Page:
Documents related to Criterion 1:
Carol Nielsen from the CPD visited my classroom and did a “Classroom Consultation.” This involved her meeting with my students for about 15 minutes of one of my classes (without me present) and interviewing them about the efficacy of the course and my instruction. By policy, this process does not result in a written report to the instructor but the results are shared in a follow-up meeting. She began the meeting with, “They love you” and it only got better from there. She reported that they find the course very engaging and useful, appropriately paced, the unique grading system is appreciated, and the type of assessment used is also appreciated. They also reported appreciation for the use of D2L and the additional resources and recorded tutorial videos I routinely post on the D2L shell. Well, it can’t be that utterly fantastic and wonderful. I take this feedback happily, but also recognize that there may be an element of Minnesota Nice occurring here. If you don’t have anything nice to say, don’t say anything at all.
So, let’s turn to the student surveys. 27 students responded out of approximately 50 students taking my two fall term courses. The results were overall positive, though not positively glowing like the verbal survey data collected in the face to face session with Carol. Comments from the student surveys indicate success in this first goal of creating a culture safe for small and large group engagement in discussion as small group and class discussions were mentioned as a valuable part of the course. Of course there are areas for growth and those some of those are focused on in the following goals.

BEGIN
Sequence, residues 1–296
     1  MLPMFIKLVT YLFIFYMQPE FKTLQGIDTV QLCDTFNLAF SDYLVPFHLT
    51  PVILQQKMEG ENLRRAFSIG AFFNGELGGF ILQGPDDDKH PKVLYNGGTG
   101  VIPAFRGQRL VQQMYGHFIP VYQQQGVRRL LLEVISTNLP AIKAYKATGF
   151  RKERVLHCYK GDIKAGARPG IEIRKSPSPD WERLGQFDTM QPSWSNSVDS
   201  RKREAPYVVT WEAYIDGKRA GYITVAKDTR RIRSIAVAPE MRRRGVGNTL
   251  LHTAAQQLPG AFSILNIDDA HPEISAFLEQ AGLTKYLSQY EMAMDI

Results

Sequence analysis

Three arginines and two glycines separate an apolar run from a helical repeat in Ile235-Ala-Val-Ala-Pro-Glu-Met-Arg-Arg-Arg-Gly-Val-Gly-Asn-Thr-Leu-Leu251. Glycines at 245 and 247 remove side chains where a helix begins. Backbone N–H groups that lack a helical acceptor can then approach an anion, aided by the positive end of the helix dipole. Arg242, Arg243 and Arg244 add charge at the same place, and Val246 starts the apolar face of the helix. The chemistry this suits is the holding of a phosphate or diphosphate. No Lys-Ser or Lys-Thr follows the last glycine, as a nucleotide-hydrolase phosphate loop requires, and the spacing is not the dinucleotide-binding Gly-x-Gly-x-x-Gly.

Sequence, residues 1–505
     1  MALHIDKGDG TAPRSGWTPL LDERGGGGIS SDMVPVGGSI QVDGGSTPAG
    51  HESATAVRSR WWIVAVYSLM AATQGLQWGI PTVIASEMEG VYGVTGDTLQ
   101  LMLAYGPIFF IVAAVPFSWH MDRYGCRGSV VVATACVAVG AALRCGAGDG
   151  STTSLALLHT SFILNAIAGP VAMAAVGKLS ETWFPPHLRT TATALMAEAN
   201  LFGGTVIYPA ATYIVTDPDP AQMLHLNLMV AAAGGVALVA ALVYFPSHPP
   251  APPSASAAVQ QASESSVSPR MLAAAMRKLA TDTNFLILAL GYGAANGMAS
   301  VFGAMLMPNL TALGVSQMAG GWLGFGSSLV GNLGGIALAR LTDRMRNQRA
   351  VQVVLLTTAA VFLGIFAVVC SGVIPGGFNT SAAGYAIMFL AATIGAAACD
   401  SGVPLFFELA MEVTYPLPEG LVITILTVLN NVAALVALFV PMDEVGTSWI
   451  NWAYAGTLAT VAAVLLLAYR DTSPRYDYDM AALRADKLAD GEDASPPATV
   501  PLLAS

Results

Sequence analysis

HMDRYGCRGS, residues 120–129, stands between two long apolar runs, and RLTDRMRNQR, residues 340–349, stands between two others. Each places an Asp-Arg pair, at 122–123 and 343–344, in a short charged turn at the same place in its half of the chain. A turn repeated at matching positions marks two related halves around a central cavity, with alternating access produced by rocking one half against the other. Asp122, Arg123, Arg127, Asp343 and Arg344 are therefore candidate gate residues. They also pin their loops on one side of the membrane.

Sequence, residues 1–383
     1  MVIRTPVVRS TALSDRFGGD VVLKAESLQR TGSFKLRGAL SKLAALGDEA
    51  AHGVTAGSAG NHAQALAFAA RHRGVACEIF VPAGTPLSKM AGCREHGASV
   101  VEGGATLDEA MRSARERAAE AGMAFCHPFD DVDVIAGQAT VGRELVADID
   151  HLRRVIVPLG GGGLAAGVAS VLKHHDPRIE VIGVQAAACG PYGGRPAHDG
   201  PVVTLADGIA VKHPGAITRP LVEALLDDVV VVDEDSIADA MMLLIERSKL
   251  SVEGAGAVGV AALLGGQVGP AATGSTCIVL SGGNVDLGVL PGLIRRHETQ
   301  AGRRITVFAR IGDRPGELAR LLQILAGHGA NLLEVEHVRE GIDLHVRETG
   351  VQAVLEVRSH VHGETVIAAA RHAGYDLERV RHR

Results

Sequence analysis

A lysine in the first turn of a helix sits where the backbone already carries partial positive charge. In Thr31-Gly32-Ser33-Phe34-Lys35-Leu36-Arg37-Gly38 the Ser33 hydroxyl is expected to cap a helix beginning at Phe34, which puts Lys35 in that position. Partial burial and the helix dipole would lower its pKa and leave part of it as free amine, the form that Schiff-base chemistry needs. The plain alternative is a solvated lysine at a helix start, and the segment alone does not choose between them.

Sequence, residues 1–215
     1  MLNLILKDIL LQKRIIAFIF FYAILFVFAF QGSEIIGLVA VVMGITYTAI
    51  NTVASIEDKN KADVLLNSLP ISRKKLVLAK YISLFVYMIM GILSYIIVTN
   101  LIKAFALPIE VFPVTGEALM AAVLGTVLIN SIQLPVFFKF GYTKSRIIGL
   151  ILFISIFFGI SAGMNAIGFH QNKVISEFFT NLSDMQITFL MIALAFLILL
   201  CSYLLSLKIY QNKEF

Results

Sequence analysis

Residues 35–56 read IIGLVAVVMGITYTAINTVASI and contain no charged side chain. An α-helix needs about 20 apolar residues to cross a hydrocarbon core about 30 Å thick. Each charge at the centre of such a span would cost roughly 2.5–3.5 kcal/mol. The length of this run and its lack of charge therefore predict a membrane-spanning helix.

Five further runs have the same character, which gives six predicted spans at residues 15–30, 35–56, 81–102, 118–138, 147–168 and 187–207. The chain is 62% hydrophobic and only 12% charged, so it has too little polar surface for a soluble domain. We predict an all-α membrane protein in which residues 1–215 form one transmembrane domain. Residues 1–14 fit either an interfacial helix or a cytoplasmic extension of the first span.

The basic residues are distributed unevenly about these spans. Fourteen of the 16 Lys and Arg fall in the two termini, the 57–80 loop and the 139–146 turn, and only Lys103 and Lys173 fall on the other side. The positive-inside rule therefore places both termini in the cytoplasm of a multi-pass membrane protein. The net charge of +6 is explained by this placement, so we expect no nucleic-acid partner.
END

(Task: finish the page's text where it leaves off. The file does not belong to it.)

At the conclusion of the term I received an email from a student stating:
I would like to say thank you for teaching me this semester. I know that it is your job and I am paying to be there, however I know that you go out of your way to help your students and I know that that cannot always be easy. You helped me greatly in pedagogy to understand the information in a much deeper level and you made it look easy. You are a role model for your students, especially to me because of your history in science. Thanks also for putting up with me as I know I had some struggles throughout the semester but you were able to help me wonderfully, and not make me feel bad about it. You are a fantastic teacher and you probably don’t get thanked enough.
I did save this thank you.
Lastly, at the end of the 2013-14 academic year I was honored and surprised to be given a plaque from the 2014 CHSHE Student Advisory Team recognizing me for “Outstanding Instruction and Student Support.” Though this was a part of last year, the PDR is written in February and therefore artifacts and evidence from spring term have to be reported on the following year’s report.
Goal 2 & 3:
To address goals 2 and 3 I changed some daily routines for students and instituted the use of a Binder Portfolio.